When parents don't think you're challenging their student...

Discussion in 'Kindergarten' started by DrivingPigeon, Feb 27, 2009.

  1. DrivingPigeon

    DrivingPigeon Phenom

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    Feb 27, 2009

    We had conferences last night, and I felt like I spent one entire conference just defending myself. This mom basically told me that her child is bored, the books he is reading are too easy, and that I need to do more. I found this incredibly frustrating because I put so much time and effort into differentiating to meet the needs of all of my students. Most of what I do in class leaves a lot of room and opportunity for children to take things to the next level if they are ready. I am constantly giving them options and challenging them with higher-level thinking questions.

    This boy is very wiggly and moves a lot during group time on the carpet. However, he isn't distruptive and doesn't have any behavior problems, which I told his mom. She thinks he is moving a lot because he is bored. I wish parents would realize that boredom is a choice in many cases.

    During our journal routine, for example, they can write as much as they would like. Some children are writing one sentence, while others are writing 4 pages. This boy writes one sentence and says he is done. Then, of course, he is "bored" the rest of the time. When I chellenge him to expand on his writing (I even give him examples of what else he could write), he tells me he doesn't want to and that he is done.

    During assessments last month he was at a guided reading level D. He is placed in a group with a child who is an F, and another who is a G (these are the 3 that don't fit into any other group). They are reading E and F level books during guided reading. The mom complained that these books are too easy, and that he is reading much more difficult books at home. I explained to her that these books are, in fact, ABOVE his instruction level, which I explained to be about 95% accuracy. I also explained that he is reading the books 3 times in our group before brining them home, so they should be easy for him at that point. She wasn't satisfied with that answer, and went on again about how he isn't being challenged.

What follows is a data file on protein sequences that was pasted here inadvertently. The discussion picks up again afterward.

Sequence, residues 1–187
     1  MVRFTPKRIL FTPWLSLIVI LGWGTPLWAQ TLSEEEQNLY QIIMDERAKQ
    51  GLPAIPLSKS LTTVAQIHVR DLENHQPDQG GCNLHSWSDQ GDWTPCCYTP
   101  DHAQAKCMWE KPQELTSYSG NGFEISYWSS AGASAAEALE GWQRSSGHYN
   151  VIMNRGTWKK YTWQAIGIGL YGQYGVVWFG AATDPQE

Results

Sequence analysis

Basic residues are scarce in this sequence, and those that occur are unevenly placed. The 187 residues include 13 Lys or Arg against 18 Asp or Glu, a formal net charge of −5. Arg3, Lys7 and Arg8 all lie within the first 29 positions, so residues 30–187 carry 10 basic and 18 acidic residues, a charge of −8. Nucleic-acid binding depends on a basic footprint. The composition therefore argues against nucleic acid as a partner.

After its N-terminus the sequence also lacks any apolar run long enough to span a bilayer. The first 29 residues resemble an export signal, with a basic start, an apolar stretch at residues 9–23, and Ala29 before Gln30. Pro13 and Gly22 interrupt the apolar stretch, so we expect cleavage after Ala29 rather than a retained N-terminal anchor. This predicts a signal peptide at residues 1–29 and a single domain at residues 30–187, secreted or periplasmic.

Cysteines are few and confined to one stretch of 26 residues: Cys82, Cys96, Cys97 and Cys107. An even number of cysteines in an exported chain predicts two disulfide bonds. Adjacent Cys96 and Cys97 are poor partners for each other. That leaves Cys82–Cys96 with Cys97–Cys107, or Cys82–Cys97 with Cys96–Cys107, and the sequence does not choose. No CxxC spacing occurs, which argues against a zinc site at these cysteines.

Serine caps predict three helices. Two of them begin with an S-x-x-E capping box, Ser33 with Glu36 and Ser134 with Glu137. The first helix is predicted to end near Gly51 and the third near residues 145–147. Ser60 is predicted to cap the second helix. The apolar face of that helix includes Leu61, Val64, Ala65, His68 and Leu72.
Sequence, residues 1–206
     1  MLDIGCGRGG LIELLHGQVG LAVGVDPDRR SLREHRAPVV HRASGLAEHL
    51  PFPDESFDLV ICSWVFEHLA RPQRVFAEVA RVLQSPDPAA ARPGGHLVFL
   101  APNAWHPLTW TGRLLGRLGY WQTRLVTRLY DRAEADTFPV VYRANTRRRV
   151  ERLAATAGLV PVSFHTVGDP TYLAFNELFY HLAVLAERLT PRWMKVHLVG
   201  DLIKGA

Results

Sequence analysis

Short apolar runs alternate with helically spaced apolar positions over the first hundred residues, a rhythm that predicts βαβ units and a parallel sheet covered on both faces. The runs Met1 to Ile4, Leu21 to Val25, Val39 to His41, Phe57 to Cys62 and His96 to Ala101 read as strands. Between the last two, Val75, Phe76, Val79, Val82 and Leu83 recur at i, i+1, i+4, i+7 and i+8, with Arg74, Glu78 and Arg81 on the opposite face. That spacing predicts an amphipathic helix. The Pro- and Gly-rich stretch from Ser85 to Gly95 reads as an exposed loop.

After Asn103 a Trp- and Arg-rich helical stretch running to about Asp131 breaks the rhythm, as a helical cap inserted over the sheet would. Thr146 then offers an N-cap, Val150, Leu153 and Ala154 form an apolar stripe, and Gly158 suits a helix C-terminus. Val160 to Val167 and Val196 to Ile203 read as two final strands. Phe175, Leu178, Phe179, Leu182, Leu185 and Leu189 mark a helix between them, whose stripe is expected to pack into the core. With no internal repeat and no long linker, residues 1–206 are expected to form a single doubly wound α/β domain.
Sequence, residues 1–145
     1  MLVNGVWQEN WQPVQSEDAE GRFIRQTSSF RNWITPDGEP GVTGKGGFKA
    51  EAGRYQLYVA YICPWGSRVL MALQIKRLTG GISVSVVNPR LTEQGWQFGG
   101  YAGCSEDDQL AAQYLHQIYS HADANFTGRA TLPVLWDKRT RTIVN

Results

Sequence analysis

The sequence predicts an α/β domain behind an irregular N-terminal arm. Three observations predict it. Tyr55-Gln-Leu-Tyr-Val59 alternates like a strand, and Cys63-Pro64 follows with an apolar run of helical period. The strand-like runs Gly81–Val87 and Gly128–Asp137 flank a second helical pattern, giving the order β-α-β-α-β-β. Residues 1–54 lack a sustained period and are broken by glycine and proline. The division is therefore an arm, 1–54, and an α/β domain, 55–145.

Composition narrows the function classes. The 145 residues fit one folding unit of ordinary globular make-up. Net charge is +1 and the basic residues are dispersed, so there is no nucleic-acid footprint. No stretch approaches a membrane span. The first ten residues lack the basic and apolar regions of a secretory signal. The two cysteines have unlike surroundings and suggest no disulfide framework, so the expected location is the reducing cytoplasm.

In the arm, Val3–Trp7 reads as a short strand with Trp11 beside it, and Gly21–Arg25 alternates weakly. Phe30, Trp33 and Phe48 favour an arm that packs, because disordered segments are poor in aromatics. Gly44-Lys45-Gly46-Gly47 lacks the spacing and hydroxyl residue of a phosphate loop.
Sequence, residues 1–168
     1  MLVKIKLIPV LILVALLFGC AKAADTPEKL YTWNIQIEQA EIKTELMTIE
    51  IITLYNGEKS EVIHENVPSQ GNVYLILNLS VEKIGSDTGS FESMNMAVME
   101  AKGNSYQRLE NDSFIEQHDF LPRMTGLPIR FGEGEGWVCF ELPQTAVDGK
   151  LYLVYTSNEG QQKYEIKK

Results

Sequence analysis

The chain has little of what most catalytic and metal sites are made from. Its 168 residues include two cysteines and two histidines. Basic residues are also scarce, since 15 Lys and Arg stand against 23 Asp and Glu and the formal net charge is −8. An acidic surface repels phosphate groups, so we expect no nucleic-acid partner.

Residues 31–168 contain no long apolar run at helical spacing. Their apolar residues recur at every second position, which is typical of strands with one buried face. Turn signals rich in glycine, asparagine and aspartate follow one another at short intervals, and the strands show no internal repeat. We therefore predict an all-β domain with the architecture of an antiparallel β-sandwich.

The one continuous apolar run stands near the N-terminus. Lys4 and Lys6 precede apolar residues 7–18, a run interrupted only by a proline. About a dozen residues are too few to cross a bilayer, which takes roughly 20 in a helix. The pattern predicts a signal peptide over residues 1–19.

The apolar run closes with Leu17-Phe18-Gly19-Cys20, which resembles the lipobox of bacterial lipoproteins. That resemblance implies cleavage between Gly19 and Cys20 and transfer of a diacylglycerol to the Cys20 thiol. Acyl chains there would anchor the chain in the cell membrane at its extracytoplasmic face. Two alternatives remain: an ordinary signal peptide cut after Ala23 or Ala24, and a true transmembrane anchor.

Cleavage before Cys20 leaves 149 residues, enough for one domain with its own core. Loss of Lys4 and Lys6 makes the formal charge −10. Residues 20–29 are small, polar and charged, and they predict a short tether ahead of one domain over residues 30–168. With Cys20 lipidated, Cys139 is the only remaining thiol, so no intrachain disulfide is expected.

I honestly don't know what more I can do for this child. He is not, by any means, the "genious" of the class. He is a very bright boy, but there are other children in the class who are higher than him, and they don't seem bored at all. They have that self-motivation to take things to the next level when I challenge them. Maybe I felt the need to defend myself too much, but I don't know. Any advice?
     
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  3. DrivingPigeon

    DrivingPigeon Phenom

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    Wow, I should have just wrote a book! :lol: I didn't realize how much I wrote!

    Anyway, I talked to this boy's sister's teacher today, and I guess the mom said the same things to her. I guess she (the mom) was almost in tears because her daughter isn't being challenged enough! Yikes!

    Made me feel better, though.
     
  4. punchinello

    punchinello Comrade

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    Feb 27, 2009

    I don't think this is about his academic abilities. There are just some kids who are always looking for the next thing to do. I have a boy this year who is bright and fun and appropriately energetic in the classroom. He is always the first to want to try a new center or activity. He'll do it pretty quickly and then be looking for the next thing.

    LOL Same thing with my student. He just only likes to spend a short time on each activity...not ADHD, though. Just a personality thing. He does have to learn to expand his writing, however, so it's necessary to keep encouraging that.

    I have tried to keep handy a couple of extra things for him to do....not that it is more "challenging". He just likes a wide variety, I guess.

    Good luck.
     
  5. sevenplus

    sevenplus Connoisseur

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    Feb 28, 2009

    I don't know if you'd want to do this or not, but could you sit down with the mom and the boy and have him read in front of both of you? It seems there's a disconnect between what she thinks is happening and what is actually happening.
     
  6. DrivingPigeon

    DrivingPigeon Phenom

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    Feb 28, 2009

    You know, I thought of that afterward, and I really wish I would have given her that option. I would love to have her with me when I do his next running records. I think that instead I will send a copy home with her, explaining his score and why he is at a certain level.

    In reality, I don't think she would be able to listen to him read to me, because she has two very young children and she's a homemaker without family in the area. I've never seen her without the two little kids-they're attached to her hips!
     

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